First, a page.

Riggins: So lots of interesting foods.

Gwinn: Interesting foods. What I did eat but wasn't real enthralled with, the rotten shark. They used to get shark and then bury it in the sand, and it would, of course, die then of uremic poisoning. And then come the spring, part of their spring celebration was to dig up these buried sharks and eat them. A very, very strong smell, like Limburger cheese; if you've ever smelled Limburger cheese you'll know what hakarl, or the rotten shark smells like. A very strong taste; don't think it tastes quite as bad as Limburger cheese; but it's hard.

Riggins: That's not something--

Gwinn: And they have a lot of other delicacies too. Most of them are very good. Herring's big, a lot of pickled herring, herring in dill sauce. But my favorite was haddock-- they call it ysa-- and they like to make like a fish and chips, do it in a beer batter, or broil it with onions, and it's very good. And cod, of course; almost all the cod you get in fish and chip shops is exported from Iceland. Long John Silvers and H. Treacher's Fish & Chips and all of those were Icelandic cod.

Riggins: Are lobsters up there?

Gwinn: You can get lobster. They're bigger on getting a very small rock lobster. It's kind of between a very large shrimp; it's larger than a crawdad but it's smaller than a real lobster. Although you can get the Atlantic lobster. But that's big. A lot of the shrimp and the small lobster.

Riggins: It sounds like there's a lot to do, a lot of outdoors activities.

Gwinn: As long as you take the attitude of an Icelander, or actually somebody that lives in Great Britain. If it's rain, it's a good day, you go out and do what you want to anyway. And as strange as it seems, the Icelandic wool, once it's knitted into sweaters, at least in the spring and summertime when it's not real cold, you can get by with one or two of these sweaters on; and they shed water, probably better than some of the artificial materials that we use. I guess it's the high lanolin in the sheep's wool.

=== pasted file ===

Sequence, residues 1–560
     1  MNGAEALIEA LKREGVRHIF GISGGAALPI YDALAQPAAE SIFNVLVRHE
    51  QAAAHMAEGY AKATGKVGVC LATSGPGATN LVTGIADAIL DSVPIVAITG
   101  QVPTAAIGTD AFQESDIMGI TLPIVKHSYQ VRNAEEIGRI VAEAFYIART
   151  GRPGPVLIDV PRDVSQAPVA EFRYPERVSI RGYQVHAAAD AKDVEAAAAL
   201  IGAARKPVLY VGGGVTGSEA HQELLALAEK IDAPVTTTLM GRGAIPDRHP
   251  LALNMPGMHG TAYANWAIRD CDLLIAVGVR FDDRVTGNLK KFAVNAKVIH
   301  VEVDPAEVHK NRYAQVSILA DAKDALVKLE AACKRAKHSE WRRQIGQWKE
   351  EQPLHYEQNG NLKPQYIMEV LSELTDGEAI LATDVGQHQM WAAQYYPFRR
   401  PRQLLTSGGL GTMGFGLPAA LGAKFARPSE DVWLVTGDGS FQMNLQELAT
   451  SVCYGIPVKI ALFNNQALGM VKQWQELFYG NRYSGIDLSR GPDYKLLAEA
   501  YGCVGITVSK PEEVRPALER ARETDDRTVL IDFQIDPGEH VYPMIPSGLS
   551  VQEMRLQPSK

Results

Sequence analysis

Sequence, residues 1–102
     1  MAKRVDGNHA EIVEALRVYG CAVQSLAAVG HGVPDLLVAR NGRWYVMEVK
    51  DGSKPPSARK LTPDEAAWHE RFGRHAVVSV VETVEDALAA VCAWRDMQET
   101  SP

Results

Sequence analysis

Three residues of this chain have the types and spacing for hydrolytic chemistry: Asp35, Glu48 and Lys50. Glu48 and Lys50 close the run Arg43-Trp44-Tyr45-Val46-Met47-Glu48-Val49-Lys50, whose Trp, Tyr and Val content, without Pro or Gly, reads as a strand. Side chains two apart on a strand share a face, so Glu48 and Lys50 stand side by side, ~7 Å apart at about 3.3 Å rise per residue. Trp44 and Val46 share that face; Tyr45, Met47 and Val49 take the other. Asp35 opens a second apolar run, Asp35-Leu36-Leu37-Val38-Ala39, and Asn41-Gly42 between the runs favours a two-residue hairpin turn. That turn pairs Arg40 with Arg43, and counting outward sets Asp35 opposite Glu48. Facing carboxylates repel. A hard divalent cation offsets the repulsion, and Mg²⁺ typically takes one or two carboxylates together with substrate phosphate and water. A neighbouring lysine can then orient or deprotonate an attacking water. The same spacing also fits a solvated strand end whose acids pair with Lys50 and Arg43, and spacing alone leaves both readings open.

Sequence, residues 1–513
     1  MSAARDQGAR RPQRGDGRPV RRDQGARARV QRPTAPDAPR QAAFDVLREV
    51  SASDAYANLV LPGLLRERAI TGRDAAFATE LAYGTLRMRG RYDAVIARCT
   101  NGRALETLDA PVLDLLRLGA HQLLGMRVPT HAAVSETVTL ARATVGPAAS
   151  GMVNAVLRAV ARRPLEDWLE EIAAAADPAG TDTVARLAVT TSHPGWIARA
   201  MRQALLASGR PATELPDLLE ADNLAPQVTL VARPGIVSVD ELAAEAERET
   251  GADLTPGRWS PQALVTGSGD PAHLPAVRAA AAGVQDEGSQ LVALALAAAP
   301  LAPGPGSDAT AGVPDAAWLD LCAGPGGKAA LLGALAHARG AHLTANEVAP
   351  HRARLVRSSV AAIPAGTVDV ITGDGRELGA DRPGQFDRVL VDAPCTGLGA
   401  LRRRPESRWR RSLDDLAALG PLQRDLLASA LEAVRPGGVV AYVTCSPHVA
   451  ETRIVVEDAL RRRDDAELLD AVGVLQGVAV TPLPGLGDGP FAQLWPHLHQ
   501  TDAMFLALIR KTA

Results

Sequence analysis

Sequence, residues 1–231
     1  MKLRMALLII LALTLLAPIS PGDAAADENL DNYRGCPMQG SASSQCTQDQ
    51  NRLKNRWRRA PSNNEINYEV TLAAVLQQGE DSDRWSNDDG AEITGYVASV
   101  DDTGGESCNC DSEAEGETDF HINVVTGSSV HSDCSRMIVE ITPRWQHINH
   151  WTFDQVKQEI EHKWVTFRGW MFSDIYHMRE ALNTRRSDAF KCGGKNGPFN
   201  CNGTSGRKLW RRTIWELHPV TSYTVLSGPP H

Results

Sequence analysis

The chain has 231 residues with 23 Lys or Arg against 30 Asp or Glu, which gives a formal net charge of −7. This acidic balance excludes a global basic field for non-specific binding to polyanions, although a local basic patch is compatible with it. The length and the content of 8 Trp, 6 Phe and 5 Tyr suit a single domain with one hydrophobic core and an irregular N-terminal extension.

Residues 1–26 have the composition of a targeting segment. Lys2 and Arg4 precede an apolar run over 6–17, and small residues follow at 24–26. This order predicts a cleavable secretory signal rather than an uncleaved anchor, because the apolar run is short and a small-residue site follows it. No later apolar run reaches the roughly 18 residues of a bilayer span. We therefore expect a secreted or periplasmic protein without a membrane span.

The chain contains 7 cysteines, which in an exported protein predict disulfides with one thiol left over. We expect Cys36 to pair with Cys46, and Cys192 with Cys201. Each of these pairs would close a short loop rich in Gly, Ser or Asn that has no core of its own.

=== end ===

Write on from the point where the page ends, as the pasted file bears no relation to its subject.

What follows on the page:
Riggins: So it really works.

Gwinn: It works. I still have two of those I wear.

Riggins: Really? So wow, they last a long time.

Gwinn: They last a very long time.

Riggins: And the snow doesn't slow people down.

Gwinn: Depends where you are. Now the Naval Air Station was actually part of Keflavik International Airport-- so it's about 40 kilometers east of the capital city of Reykjavik-- and that's where all the international flights come in. So we, during the time, Iceland was part of NATO but they had no armed forces. So their contribution was to provide the base, and the bilateral agreement with the United States was the United States would provide the defense of Iceland. So on our base we had Navy, Air Force, Army, Marine Corps, Coastguard.

Riggins: Wow, that's a lot of bureaucracy right there.

Gwinn: And then provided the security in the terminals for Iceland Air and some of the other flights that would come in there. They have a national police force, and that was assigned to the airport, was under the Foreign Minister; all the rest of that police force was under the Minister of the Interior. So it made an interesting setup. On the base we had our own Icelandic Police Headquarters, with their own judge, their own jail, and they worked very close with our base security folks.